I think I came at this, the latest novel from one of my favourite authors, Julian Barnes, from the wrong direction. No one who knows me will be the slightest bit surprised to hear that I latched on to the word ‘story’ in the title and assumed that the key element here would be a tying of the concept of story to the way in which we live our lives. And, to a certain extent that is a concern addressed by the narrative that Barnes relates. However, when Barnes talks of the ‘only’ story what he is specifically referring to is a love story.
Everyone has their love story. Everyone. It may have been a fiasco, it may have fizzled out, it may never even have got going, it may have been all in the mind, that doesn’t make it any less real… Everyone does. It’s the only story.
The love story that Barnes goes on to relate is that of Paul and Susan, a couple who meet during one 1960s summer when nineteen year old Paul, home from university, decides to kill some time at the local tennis club. He is paired with Susan for a mixed doubles tournament and the friendship that develops between them quite quickly blossoms into a much more serious relationship. However, to Paul’s nineteen Susan is forty-six and married with two adult daughters. The much older Paul, who narrates this story, recognises that to the reader this might seem problematic, even an error of judgment (the tennis club committee, which blackballs them both, clearly has even stronger feelings about the matter) but asks for a more sensitive understanding of the situation.
Perhaps you understood a little too quickly; I can hardly blame you. We tend to slot any new relationship we come across into a pre-existing category. We see what is general or common about it; where as the participants see – feel – only what is individual and particular to them. We say: how predictable; they say: what a surprise!
Well, however we may categorise Paul and Susan’s relationship, it not only continues, it absolutely thrives, even under the grumpy and sometimes violent auspices of Susan’s sexually estranged husband and eventually, Paul having completed his university course, they move into their own property as he begins his training to become a solicitor. But, while Paul is content with the situation, Susan begins to show signs of strain. Her health, both physical and mental, starts to crumble and Paul is forced to question how wise, how stable, their relationship is. He is even forced to question its very foundation – the love which he believes to be the basis of everything else.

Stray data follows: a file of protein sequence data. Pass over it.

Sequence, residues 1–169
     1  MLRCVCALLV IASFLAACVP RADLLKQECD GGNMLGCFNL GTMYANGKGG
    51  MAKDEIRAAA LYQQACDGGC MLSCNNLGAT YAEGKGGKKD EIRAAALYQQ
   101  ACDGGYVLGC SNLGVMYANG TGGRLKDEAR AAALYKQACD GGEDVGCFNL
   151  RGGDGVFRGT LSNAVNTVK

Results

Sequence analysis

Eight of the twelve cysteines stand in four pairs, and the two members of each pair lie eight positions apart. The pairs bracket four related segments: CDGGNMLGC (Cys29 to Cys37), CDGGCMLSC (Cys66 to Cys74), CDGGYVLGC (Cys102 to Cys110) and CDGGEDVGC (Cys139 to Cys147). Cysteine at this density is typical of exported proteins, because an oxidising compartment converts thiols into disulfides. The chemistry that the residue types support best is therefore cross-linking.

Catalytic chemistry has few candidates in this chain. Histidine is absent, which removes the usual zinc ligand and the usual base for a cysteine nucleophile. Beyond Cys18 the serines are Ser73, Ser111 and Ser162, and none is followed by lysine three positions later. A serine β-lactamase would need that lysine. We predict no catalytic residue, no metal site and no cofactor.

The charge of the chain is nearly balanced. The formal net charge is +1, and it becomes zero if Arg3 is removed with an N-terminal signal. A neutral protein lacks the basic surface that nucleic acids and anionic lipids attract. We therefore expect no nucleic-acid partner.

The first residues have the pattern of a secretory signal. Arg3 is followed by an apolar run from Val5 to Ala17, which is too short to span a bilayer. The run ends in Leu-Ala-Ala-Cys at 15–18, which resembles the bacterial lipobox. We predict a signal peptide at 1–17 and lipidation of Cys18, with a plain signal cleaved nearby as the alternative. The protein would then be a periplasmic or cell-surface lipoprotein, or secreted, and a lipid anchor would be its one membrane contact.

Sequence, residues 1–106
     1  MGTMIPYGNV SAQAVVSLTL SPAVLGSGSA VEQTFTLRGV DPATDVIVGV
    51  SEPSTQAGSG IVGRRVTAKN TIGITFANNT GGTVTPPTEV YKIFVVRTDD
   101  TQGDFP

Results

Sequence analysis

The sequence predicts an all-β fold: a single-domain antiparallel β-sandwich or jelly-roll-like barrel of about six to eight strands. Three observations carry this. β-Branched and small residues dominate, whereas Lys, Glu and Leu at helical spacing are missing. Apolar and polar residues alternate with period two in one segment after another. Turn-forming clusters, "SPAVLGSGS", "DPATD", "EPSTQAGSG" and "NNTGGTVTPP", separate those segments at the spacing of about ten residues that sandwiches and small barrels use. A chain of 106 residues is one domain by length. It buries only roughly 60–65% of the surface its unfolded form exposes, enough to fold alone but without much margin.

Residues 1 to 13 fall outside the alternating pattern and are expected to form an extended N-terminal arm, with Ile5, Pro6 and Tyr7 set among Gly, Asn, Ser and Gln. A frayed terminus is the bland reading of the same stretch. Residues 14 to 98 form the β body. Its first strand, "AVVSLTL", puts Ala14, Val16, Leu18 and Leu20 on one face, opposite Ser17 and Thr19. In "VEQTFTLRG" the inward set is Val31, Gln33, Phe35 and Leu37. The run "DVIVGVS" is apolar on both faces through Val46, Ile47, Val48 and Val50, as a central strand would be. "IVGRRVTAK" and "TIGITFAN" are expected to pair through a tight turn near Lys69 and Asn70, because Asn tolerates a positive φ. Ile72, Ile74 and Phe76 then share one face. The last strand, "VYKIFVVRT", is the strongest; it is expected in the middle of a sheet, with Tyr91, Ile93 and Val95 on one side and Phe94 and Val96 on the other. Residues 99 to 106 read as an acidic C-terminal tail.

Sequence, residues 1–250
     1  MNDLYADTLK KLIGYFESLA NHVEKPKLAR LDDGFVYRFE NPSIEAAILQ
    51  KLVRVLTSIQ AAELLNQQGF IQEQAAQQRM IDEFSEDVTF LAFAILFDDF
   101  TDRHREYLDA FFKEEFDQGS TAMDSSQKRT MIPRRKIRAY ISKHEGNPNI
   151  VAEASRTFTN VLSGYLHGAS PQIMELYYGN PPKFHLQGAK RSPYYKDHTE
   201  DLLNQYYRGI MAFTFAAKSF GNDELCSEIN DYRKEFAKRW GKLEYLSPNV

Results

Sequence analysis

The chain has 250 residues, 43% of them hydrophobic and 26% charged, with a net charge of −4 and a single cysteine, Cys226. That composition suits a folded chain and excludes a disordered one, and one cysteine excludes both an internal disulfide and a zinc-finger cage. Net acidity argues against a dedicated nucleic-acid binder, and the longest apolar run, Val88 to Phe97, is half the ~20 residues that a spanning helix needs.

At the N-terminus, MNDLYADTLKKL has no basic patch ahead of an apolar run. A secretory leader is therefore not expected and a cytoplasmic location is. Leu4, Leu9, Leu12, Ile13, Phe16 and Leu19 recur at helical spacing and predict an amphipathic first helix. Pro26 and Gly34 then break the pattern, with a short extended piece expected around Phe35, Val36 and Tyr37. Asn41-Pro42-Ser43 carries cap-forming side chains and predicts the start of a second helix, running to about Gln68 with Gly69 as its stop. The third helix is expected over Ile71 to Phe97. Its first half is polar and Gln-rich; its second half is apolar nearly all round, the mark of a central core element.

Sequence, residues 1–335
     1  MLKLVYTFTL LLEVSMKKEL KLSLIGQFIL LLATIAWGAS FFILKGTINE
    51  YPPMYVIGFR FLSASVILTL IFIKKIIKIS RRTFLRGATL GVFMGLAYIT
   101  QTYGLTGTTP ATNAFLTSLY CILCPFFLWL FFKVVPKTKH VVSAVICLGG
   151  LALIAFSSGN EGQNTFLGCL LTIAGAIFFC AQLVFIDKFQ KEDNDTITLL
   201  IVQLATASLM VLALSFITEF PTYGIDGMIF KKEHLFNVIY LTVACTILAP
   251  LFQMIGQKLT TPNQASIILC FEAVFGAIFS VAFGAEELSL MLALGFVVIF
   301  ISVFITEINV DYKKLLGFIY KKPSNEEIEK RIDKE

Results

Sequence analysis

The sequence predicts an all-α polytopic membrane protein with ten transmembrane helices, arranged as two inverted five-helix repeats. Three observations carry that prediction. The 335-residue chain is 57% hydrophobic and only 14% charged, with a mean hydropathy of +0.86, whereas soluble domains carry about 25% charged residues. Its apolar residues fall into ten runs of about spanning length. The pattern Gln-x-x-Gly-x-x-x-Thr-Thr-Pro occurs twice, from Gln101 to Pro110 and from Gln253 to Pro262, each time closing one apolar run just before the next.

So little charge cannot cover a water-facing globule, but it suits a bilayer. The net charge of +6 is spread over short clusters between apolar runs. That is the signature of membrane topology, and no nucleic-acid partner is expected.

The older Paul who narrates the story would, I am sure, maintain that his love never falters, but it certainly changes and one aspect in particular that changes is the way in which he positions himself in relation to his actions as he retells his ‘only story’. At one point he asks
do all these retelling bring you closer to the truth of what happened, or move you further away.
In narrative terms he certainly distances himself further from the story of his and Susan’s relationship the further he moves from that initial attraction. Thus, the story is split into three sections. The first tells of those early years and the narrative choices reflect Paul’s observation that
first love always happens in the overwhelming first person. How can it not? Also, in the overwhelming present tense:
the narrative voice and tense of that initial section echo that. The older Paul, however, is astute enough to recognise that it takes us time to realise that there are other persons, and other tenses and as the relationship begins to alter so, in the telling of the second and third sections, he distances himself further and further away from the both the action and from Susan, moving through a well controlled second tense in the middle of the text and then into third person, past tense in the final part until, as an elderly man, he can reflect on their time together from the distance of a limited third person narrator, who is well aware that in his recall of their relationship he may also be an unreliable narrator.
There has been much discussion in the press as to the merits of this novel, in particular in comparison to his award winning The Sense of an Ending. I thought that that was a magnificent work and while I find much in this new book to admire, it didn’t affect me in the same way as the earlier novel. In part this may be because I didn’t agree with his basic premise. If we do each only have one story to tell (and this is a proposition that Elizabeth Strout also puts forward in My Name is Lucy Barton) then I don’t think it is always a love story. My primary story would be about me as a teacher because teaching pretty much defines who I always have been and who I still am. Teaching is as natural an activity to me as breathing is to most other people. The Only Story feels to me like a very personal response on the part of the author, possibly growing out of his own experience. Nevertheless, it is an extremely well crafted novel with many of those beautifully turned phrases and astutely authentic observations which are the hallmark of Barnes’ style as, for example, when he speaks of an English silence – one in which all the unspoken words of perfectly understood by both parties. So, while for me, this may not be quite his best work, it is still Barnes writing at the top of his game and I very strongly recommend it.
With thanks to Random House and NetGalley for making this available for review.